The arrival of six single-deck electric buses marks the ongoing commitment by Birmingham Airport to carbon neutrality by 2033
Birmingham Airport (BHX) has launched an electric bus fleet to replace its diesel vehicles in what is believed to be the first pantograph-charged landside electric bus service introduced to any UK airport.
Six new 12m single-deck Volvo 7900 Electric buses, which advertise an energy saving of 80% when compared with the airport’s previous fleet, will provide a 24hr service collecting airline passengers from the site’s long-stay car parks.
It follows an investment of £1.8m by the airport and a further £1.4m grant from the DfT’s Ultra Low Emission bus scheme.
Their introduction comes as part of a wider commitment by BHX, announced on 4 November, to become a net zero carbon airport by 2033 – 17 years ahead of the UK’s national target.
To ensure continuous 24hr operation, rapid charging is offered via two pantographs positioned outside the terminal during passenger boarding and alighting using Volvo’s opportunity charging system, OppCharge.
This is done via roof-mounted charging rails above the front axle, which supply electricity to four water-cooled nickel manganese cobalt 50kW/h batteries (totalling 200kW/h battery capacity). These are interchangeable in line with a battery maintenance contract with Volvo. Top up can be achieved in six minutes. Plug-in charging is also located at the front of the vehicle.
Driving the bus is a 160Kw electric motor delivering 400Nm of torque, which doubles as a retarder to recover energy during braking.
routeone spoke to CEO of Birmingham Airport Nick Barton regarding the decision behind electric and overhead charging as the right solution for BHX.
“Airports have an integral link with the carbon debate and we need to make sure we are doing our bit,” explains Mr Barton.
“We looked at it from a local level – at what was available and what meets our expectations. The conclusion emphatically is that what we’ve chosen is the best solution.”
Converting the landside bus fleet was one of the first aims of a 2016 carbon reduction strategy. In 2018, the tender process was initiated, and Volvo was selected as the partner. “Our requirement schedules fit with its product the best,” Mr Barton adds.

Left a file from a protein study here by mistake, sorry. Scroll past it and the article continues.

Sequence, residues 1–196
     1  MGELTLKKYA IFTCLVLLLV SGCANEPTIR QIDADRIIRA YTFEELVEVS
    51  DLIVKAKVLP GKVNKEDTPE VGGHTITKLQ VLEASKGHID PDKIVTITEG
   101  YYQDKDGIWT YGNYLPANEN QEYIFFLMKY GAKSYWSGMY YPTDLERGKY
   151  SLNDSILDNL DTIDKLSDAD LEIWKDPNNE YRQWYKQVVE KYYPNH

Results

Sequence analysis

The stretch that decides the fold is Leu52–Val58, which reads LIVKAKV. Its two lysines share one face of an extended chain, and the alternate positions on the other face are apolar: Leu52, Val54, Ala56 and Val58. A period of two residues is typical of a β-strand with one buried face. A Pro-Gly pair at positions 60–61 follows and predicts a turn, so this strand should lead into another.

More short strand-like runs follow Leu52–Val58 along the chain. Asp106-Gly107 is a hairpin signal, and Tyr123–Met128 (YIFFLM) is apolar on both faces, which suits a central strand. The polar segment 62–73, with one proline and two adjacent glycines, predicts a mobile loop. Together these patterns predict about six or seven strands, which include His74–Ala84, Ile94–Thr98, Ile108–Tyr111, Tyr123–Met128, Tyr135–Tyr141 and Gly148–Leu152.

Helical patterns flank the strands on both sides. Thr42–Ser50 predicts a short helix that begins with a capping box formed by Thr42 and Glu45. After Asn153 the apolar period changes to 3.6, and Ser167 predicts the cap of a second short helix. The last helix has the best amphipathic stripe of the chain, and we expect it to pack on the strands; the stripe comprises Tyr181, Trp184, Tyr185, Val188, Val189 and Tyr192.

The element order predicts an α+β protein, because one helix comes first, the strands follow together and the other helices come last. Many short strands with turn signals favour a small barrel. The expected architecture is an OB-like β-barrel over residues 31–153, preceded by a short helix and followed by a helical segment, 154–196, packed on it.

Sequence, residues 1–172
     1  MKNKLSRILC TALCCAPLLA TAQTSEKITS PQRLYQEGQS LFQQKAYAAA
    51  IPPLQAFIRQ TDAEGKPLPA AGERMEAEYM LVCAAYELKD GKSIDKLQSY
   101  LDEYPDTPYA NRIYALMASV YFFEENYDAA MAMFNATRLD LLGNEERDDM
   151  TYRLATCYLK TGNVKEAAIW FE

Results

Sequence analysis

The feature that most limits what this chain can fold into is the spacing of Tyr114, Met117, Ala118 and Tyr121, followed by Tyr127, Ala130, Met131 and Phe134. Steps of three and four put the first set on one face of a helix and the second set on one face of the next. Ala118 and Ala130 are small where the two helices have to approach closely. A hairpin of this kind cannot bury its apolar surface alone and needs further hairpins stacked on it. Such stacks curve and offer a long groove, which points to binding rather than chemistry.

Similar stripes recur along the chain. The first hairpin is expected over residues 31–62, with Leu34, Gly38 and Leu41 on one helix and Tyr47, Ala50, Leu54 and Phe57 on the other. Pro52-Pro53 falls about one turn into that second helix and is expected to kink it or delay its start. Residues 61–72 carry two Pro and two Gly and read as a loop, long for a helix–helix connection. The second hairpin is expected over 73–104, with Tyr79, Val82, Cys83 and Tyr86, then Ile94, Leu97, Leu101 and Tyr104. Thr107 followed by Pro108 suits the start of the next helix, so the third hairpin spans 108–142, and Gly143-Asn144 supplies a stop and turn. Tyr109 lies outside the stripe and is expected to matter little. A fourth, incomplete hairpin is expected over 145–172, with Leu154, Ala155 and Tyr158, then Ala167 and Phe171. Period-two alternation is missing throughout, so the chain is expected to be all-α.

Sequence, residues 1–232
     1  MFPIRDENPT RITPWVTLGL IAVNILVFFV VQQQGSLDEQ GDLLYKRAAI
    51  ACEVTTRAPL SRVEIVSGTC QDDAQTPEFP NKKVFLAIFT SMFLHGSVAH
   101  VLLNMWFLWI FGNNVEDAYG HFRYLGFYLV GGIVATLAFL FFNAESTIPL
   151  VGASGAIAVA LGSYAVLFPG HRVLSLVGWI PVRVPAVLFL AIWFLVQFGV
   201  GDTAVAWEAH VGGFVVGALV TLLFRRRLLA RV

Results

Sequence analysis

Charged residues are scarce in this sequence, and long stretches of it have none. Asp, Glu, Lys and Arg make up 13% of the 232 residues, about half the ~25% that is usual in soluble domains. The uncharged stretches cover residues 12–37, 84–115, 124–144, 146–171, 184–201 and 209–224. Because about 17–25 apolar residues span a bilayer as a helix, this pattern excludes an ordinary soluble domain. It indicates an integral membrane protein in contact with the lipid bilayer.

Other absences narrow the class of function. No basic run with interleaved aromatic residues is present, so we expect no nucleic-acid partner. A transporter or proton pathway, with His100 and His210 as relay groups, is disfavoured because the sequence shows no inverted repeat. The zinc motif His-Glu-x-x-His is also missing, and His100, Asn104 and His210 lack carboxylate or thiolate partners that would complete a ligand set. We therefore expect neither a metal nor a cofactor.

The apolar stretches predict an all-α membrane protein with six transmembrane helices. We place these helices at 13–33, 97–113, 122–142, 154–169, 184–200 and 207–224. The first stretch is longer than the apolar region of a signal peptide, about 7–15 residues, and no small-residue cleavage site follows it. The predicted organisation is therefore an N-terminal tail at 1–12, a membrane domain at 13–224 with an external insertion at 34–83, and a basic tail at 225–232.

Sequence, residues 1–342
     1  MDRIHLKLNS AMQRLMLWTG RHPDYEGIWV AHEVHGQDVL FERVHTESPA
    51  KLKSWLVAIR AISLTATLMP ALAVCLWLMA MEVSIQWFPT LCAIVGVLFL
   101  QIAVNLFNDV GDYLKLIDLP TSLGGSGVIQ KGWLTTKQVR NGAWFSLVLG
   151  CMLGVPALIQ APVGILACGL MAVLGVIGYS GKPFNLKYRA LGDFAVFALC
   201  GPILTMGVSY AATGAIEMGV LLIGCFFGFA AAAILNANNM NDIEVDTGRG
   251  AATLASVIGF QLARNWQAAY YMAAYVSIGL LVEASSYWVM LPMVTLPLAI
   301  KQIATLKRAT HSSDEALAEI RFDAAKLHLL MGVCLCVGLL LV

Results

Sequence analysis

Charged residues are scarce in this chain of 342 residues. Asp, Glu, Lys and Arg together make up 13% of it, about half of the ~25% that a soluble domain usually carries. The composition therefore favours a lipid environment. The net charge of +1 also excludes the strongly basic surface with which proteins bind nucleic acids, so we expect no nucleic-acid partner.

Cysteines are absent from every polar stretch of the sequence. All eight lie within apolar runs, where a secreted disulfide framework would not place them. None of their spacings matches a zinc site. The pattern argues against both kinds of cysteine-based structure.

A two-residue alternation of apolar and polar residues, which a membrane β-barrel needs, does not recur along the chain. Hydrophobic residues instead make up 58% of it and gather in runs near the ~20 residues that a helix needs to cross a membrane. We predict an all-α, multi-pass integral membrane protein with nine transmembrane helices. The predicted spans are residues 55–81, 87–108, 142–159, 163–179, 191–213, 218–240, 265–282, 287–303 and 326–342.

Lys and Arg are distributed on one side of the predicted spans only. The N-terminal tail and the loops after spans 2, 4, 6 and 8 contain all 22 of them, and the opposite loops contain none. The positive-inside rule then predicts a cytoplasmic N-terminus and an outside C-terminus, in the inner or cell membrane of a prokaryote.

The decision to move to electric fits in with further environmental protection initiatives, such as water course protection, air quality monitoring and noise reduction. Says Mr Barton: “For us as an operation, we set a challenge of 2033 on our net carbon position. Our master plan for the airport’s growth was set over a 15-year period, between 2018 and 2033.
“One of the key issues about delivering this target was stretching it. We didn’t pick 2050, or even 2040, as I felt that would make zero carbon somebody else’s problem. We will perform a lot better in our carbon reduction goals with this schedule than with a pedestrian target – and it sets a standard for other airports to follow.”
Currently, the longest of the bus routes is 7km, with the vehicles completing an average annual mileage of around 30,000km. BHX Interim Fleet Manager Andy McDarmaid explains the troubles with the old diesel fleet, and why hybrid was not a solution: “The diesel vehicles suffered problems with their DPFs, as they typically did not reach speeds above 40mph.
“We had to identify whether hybrid or electric was the right product. We determined hybrid wouldn’t work due to the distance between stops, which are too close. We would be running pure diesel vehicles in that instance.”
The vehicles are to be operated on a 15-year working life with a payback time of between seven and eight years, adds Mr McDarmaid.
Not just an airport
Further growth of BHX will come precipitated by its Hs2 link at Interchange station, due for completion in 2026. The architecture of the pantograph chargers is open for use by other operators. According to Mr McDarmaid, there are currently 400 coach and bus movements at BHX every 24 hours, half of which come from public buses or coaches using the site as a transport interchange.
As a result, the airport will offer charging solutions for other operators, in order to remove barriers to electric vehicle use. This will incur a cost, though due to the early adoption of the technology a tariff is yet to be determined. Mr McDarmaid says discussions with Transport for West Midlands will factor in the cost of electricity and contribution towards maintenance, as opposed to being a profit generator.
Two 100kW CCS Combo 2 chargers in the airport’s coach park, also provided by Volvo Buses, complement the pantographs. They are hoped to encourage further growth in electric vehicle use.